The American Homeowners Grassroots Alliance (AHGA), which represents the 70 million U.S. homeowners, today called on President George W. Bush's special softwood lumber trade envoy to urge the President to cancel duties imposed by the Department of Commerce that will deepen the recession and prevent hundreds of thousands of American families from buying homes. Those duties amount to a 32 percent federally imposed sales tax on homebuyers and other consumers. The special envoy, former Montana Governor Marc Racicot, was appointed to try to find a solution to a major softwood lumber trade dispute between the U.S. and Canada. "This tax will raise the cost of an average home $1,000, making homeownership unaffordable to nearly a half million families who are seeking to buy homes. AHGA believes the U.S. Commerce Department has bowed to pressure from a handful of large U.S. lumber producers like International Paper, along with a few forest land owners," said Beth Hahn, President of AHGA. Governor Racicot, who has become the chief U.S. negotiator on the issue, is expected by many to continue pushing Canada in negotiating sessions this week in Toronto to impose a "temporary" tax on consumers or face continued Commerce Department tariffs affecting U.S. consumers. The administration has been pressuring Canada to make reforms of policies it says amount to subsidies. However, those policies were previously challenged through NAFTA and the WTO procedures and were, each time, found legal. "Ironically, the U.S. has made the subsidy allegations at a time when our government reports to the WTO that it provides more than $600 million in federal subsidies to its timber producers, and that hundreds of millions more are provided by federal forestry management and through state subsidies and incentives," Hahn added. "These companies are already heavily subsidized by U.S. taxpayers, and should learn to compete rather than seek more taxes that will ultimately be paid by those same consumers. "AHGA strongly supports President Bush's efforts to lower trade barriers and enact fast track trade negotiating authority," Hahn said. "In every country some business sectors will win and others will lose. However, consumers in every country will benefit from free trade. The solution is not to reward inefficient business sectors with more protection and subsidies, but to offer programs to help displaced workers adjust to temporary unemployment and find new jobs as the President and Congressional leaders have advocated in their economic recovery proposals," Hahn said. At issue are 19.3 percent countervailing duties and 12.6 percent antidumping duties that have been imposed on all Canadian softwood lumber imports. The duties were imposed based on allegations by a few U.S. producers who claim they have been injured by the imports, which account for about 35 percent of softwood lumber consumption in the U.S. The duties are considered preliminary, but are being collected until a final determination is made sometime in the spring. The countervailing duties expire Dec. 15, but could be re-imposed next spring. Antidumping duties however will continue until a final determination expected in May. "These duties ignore the fact that the U.S. timber industry is not able to satisfy domestic needs for softwood, and never will," Hahn said. "Over the past several years, the U.S. government has expanded its efforts to protect our own forests, saving these wonderful natural resources for future generations. However protecting U.S. forests also inevitably makes us more dependent on imports. Therefore, American home builders and consumers must have access to affordable and available Canadian lumber to build homes. Auburn University studies showed that Canadian timber growing and harvesting practices are, in most instances, much more friendly to the environment than those of U.S. timber companies." Hahn said that the ultimate victims of the duties are first time homebuyers and seniors who need affordable housing. Economists have said that, based on U.S. Census Bureau calculations, the duties add more than a $1,000 to the cost of a new home and price nearly a half million U.S. families out of the housing market since that amount prohibits them from qualifying for a mortgage. "We are in a recession and this is a time when we need affordable homes and to not damage the housing sector which remains the only part of our fragile economy that continues to support the GDP," she added. AHGA is a member of American Consumers for Affordable Homes (ACAH), an alliance of 17 consumer and business groups whose mission is to promote free trade policies that enhance affordable housing. ACAH is opposed to any new trade restraints between the two countries in any form, even as a bridging agreement, export or import tax, that hurt U.S. consumers and the economy. ACAH represents consumers and companies who account for approximately 95 percent of softwood lumber use in the U.S. ACAH members include American Homeowners Grassroots Alliance, Catamount Pellet Fuel Corporation, CHEP USA, Citizens for a Sound Economy, Consumers for World Trade, Free Trade Lumber Council, The Home Depot, International Mass Retail Association, International Sleep Products Association, Leggett & Platt Inc., Manufactured Housing Association for Regulatory Reform, Manufactured Housing Institute, National Association of Home Builders, National Black Chamber of Commerce, National Lumber and Building Material Dealers Association, National Retail Federation, and the United States Hispanic Contractors Association.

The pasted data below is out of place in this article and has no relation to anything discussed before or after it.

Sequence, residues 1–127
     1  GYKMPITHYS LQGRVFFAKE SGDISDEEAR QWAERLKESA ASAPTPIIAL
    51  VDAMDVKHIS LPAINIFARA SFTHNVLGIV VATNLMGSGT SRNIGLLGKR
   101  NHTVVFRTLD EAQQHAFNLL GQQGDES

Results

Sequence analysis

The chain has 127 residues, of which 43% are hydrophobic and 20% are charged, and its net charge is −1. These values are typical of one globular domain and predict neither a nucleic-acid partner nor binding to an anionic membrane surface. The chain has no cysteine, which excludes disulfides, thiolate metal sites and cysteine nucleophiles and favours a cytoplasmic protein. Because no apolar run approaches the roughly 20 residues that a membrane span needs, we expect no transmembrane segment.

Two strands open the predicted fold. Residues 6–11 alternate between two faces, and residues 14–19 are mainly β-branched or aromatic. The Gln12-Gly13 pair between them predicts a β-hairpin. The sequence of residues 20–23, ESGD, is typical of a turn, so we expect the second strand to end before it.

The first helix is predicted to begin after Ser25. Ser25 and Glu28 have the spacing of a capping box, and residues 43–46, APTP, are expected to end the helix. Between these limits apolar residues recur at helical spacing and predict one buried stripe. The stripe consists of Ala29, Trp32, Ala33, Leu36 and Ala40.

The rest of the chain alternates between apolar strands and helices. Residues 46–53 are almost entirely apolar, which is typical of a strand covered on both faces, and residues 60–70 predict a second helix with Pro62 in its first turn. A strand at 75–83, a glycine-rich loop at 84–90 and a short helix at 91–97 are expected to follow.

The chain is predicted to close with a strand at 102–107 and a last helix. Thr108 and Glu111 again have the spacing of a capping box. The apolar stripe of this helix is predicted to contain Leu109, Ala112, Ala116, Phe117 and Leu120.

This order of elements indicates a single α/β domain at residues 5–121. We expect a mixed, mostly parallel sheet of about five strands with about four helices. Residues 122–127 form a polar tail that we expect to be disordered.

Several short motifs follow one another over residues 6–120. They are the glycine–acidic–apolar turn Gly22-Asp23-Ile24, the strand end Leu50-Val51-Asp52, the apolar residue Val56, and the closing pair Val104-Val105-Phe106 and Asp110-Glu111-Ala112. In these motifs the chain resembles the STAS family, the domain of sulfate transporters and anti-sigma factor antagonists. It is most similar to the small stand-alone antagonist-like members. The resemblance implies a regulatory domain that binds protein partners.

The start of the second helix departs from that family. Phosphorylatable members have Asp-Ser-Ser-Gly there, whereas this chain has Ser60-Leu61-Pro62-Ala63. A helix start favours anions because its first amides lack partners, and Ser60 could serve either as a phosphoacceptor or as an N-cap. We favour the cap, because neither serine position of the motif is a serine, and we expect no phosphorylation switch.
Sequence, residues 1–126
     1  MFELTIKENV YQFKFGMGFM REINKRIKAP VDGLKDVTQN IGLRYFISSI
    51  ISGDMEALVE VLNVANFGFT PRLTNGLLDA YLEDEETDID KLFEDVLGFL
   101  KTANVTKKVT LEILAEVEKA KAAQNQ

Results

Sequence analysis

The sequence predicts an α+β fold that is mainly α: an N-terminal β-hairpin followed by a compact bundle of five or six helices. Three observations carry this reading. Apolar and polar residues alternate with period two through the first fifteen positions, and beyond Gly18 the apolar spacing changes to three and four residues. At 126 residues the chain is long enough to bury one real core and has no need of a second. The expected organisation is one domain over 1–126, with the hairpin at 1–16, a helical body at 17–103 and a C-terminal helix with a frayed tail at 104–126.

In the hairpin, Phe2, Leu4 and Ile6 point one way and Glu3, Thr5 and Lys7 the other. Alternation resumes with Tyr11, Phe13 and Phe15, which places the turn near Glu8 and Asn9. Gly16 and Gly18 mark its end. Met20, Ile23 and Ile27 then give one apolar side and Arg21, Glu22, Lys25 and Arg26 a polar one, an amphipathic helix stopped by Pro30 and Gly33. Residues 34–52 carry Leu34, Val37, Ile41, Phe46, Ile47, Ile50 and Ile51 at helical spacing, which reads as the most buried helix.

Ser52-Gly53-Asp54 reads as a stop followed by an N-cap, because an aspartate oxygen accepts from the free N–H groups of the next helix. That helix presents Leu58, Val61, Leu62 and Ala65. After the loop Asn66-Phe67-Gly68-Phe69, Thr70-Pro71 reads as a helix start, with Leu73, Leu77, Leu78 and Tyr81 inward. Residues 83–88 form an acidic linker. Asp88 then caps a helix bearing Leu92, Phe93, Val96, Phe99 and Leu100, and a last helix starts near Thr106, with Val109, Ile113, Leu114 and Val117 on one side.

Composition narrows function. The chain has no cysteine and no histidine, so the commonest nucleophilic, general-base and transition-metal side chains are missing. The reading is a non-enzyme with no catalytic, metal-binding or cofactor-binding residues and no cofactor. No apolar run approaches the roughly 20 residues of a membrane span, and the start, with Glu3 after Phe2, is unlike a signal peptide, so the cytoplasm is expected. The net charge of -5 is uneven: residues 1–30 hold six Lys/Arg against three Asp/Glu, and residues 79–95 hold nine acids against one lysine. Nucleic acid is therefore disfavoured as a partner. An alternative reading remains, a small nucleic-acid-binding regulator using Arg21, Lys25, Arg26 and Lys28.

11/28/2001